Butcher's Broom

Health Care Professional Information

Scientific Name
Ruscus aculeatus
Common Name

Box holly, sweet broom, knee holly, pettigree, jew’s myrtle, thorny fragon

Clinical Summary

Butcher's broom is a short evergreen shrub of the Liliaceae family. Both the leaves and rhizome of the plant are considered to have diuretic and mild laxative properties. Today, the plant extracts are widely used to treat varicose veins, hemorrhoids, and lymphedema.
Ruscogenin, one of the major constituents, demonstrated anti-inflammatory effects in vivo (10).
Clinical studies have revealed efficacy of butcher broom extracts in controlling lymphedema and chronic venous insufficiency (4) (5) (6) (8) (9) (11).

Cyclo-3, a product that contains an extract of butcher's broom as the main ingredient, has been reported to cause diarrhea and abdominal discomfort (7).

Purported Uses
  • Circulatory disorders
  • Constipation
  • Hemorrhoids
  • Inflammation
  • Leg cramps
  • Lymphedema
  • Promote urination
  • Varicose veins
  • Steroidal saponins (neoruscogenin, ruscogenin)
  • Anthocyanins
  • Furostanol saponins
  • Sulphated glycosides
  • Phenyl-1-benzoxepinols
    (10) (12) (13) (14)
Mechanism of Action

Ruscogenin, one of the major components of butcher's broom, exerts anti-inflammatory effects (10) likely by inhibiting TNF-alpha-induced over expression of ICAM-1 both at the mRNA and protein levels. It also suppresses NF-kappaB activation considerably by decreasing NF-kappaB p65 translocation and DNA binding activity (10). In another in vitro study, ruscogenin was shown to inhibt elastase, one of the enzyme systems involved in the turnover of the main components of the perivascular amorphous substance (15).
The phenolic compounds and saponins isolated from butcher's broom decreased the thrombin-induced hyperpermeability of human microvascular endothelial cells (HMEC-1) in vitro (16).

  • Diabetes: Diabetic ketoacidosis has been reported in a 39-year-old diabetic woman 5 days after starting butcher's broom for mild ankle swelling. Her condition stabilized following conventional treatment with intravenous fluid, insulin, and calcium gluconate (17).

Adverse Reactions
  • Diarrhea has been frequently reported with the product Cyclo-3, but is less common with use of other formulations of butcher's broom. (7)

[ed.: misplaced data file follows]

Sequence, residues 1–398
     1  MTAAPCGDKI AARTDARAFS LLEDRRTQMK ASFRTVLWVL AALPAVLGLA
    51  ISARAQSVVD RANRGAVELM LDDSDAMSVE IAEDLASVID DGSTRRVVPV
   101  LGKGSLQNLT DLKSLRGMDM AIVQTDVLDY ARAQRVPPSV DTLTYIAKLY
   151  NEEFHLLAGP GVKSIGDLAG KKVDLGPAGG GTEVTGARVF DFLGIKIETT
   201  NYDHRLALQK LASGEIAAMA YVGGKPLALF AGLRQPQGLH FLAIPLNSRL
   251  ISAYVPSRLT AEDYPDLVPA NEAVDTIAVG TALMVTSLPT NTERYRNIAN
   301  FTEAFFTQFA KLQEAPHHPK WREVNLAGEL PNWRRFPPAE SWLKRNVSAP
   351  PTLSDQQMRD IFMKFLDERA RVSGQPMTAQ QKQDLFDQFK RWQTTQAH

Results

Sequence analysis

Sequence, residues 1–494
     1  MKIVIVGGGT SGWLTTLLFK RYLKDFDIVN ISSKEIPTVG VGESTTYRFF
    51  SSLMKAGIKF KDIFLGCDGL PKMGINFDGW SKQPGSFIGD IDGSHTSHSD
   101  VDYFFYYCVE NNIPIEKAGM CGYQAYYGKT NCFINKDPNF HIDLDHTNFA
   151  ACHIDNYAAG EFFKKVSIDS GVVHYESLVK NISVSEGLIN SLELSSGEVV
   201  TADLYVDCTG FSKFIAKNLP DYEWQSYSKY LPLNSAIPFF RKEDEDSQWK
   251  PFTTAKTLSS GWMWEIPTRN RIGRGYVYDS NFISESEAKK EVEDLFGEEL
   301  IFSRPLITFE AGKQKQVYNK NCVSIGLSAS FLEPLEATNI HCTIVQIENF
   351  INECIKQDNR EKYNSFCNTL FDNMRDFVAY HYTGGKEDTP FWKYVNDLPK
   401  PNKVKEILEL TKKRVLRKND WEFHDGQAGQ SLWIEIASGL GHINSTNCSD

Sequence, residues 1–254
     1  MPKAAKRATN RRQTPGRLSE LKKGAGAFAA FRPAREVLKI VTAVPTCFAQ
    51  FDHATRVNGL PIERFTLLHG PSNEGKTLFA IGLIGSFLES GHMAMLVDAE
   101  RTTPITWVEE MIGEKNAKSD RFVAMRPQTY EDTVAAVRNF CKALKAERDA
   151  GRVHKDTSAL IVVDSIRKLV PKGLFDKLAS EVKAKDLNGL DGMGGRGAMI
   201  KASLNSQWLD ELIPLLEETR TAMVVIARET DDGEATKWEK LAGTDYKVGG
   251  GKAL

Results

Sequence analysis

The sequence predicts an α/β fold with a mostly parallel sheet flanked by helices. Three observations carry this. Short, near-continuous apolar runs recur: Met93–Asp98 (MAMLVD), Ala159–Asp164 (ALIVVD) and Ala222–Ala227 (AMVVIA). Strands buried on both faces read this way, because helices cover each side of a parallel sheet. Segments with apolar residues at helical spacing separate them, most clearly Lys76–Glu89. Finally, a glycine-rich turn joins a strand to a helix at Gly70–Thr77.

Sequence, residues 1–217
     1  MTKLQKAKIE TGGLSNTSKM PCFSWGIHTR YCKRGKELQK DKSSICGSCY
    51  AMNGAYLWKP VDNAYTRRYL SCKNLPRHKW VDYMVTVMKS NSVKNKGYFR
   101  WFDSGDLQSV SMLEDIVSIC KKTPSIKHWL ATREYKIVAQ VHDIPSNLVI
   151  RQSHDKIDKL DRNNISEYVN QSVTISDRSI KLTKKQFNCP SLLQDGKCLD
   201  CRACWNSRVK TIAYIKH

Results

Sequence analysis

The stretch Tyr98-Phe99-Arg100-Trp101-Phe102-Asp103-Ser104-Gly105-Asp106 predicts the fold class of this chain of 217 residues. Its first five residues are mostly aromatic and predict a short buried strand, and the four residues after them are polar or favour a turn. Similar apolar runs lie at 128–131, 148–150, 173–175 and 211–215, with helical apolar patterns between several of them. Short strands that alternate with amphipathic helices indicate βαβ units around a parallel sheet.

Literature Summary and Critique

Vanscheidt W, et al. Efficacy and safety of a Butcher's broom preparation (Ruscus aculeatus L. extract) compared to placebo in patients suffering from chronic venous insufficiency. Arzneimittelforschung 2002;52:243-50
A multicenter, double blind, randomized, placebo-controlled trial. 148 women with chronic venous insufficiency were studied. The treatment group received capsules containing 36.0-37.5 mg of dry butcher's broom extract twice daily for 12 weeks. Changes in leg volume, circumference of the lower leg and ankle, subjective symptoms and quality of life were monitored. At 8 and 12 weeks, significant improvements on all parameters were noted in the treatment group as compared to the placebo. Few adverse effects were reported. The number of subjects studied was large enough to provide statistically significant results. However, it only involved female patients and lasted only 12 weeks. Future studies should include men; long-term effects should also be monitored.

Dosage (Inside MSKCC Only)
This field is only visible to only OneMSK users.
  1. Blumenthal M, et al. The Complete German Commission E Monographs: Therapeutic Guide to Herbal Medicines. Austin: American Botanical Council; 1998.
  2. Foster S, et al. Tyler's Honest Herbal: A Sensible Guide to the Use of Herbs and Related Remedies, 3rd ed. New York: Haworth Herbal Press; 1993.
  3. Blumenthal M, et al. Herbal Medicine Expanded Commission E Monographs, 1st ed. Austin: American Botanical Council; 2000.
  4. Vanscheidt W, et al. Efficacy and safety of a Butcher's broom preparation (Ruscus aculeatus L. extract) compared to placebo in patients suffering from chronic venous insufficiency. Arzneimittelforschung 2002;52:243-50.
  5. Cluzan RV, et al. Treatment of secondary lymphedema of the upper limb with CYCLO 3 FORT. Lymphology 1996 Mar;29(1):29-35.
  6. Cappelli R, Nicora M, DiPerri T. Use of extract of Ruscus aculeatus in venous disease in the lower limbs. Drugs Exp Clin Res 1988;14(4):277-83.
  7. Thomas-Anterion C, et al. Unexplained chronic diarrhea, apropos of 4 new cases under Cyclo 3 fort and review of the literature. Rev Med Interne 1993 Apr;14(4):215-7. Review.